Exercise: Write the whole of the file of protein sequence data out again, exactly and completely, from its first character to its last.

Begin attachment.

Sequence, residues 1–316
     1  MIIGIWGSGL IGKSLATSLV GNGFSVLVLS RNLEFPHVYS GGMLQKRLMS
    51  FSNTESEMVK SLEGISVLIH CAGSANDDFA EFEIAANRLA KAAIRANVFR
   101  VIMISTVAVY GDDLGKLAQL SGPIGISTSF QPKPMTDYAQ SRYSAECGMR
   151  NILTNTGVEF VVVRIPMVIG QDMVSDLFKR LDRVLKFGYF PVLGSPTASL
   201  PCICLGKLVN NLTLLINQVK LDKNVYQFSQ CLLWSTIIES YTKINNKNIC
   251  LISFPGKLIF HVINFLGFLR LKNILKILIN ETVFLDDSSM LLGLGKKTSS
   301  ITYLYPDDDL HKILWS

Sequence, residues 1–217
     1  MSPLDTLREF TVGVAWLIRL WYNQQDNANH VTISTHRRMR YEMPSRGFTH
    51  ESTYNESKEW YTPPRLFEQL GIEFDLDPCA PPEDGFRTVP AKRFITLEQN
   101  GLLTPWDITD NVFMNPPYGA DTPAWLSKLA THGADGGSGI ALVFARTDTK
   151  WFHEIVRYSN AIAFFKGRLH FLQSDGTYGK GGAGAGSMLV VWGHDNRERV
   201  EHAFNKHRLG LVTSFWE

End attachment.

Sequence, residues 1–316
     1  MIIGIWGSGL IGKSLATSLV GNGFSVLVLS RNLEFPHVYS GGMLQKRLMS
    51  FSNTESEMVK SLEGISVLIH CAGSANDDFA EFEIAANRLA KAAIRANVFR
   101  VIMISTVAVY GDDLGKLAQL SGPIGISTSF QPKPMTDYAQ SRYSAECGMR
   151  NILTNTGVEF VVVRIPMVIG QDMVSDLFKR LDRVLKFGYF PVLGSPTASL
   201  PCICLGKLVN NLTLLINQVK LDKNVYQFSQ CLLWSTIIES YTKINNKNIC
   251  LISFPGKLIF HVINFLGFLR LKNILKILIN ETVFLDDSSM LLGLGKKTSS
   301  ITYLYPDDDL HKILWS

Sequence, residues 1–217
     1  MSPLDTLREF TVGVAWLIRL WYNQQDNANH VTISTHRRMR YEMPSRGFTH
    51  ESTYNESKEW YTPPRLFEQL GIEFDLDPCA PPEDGFRTVP AKRFITLEQN
   101  GLLTPWDITD NVFMNPPYGA DTPAWLSKLA THGADGGSGI ALVFARTDTK
   151  WFHEIVRYSN AIAFFKGRLH FLQSDGTYGK GGAGAGSMLV VWGHDNRERV
   201  EHAFNKHRLG LVTSFWE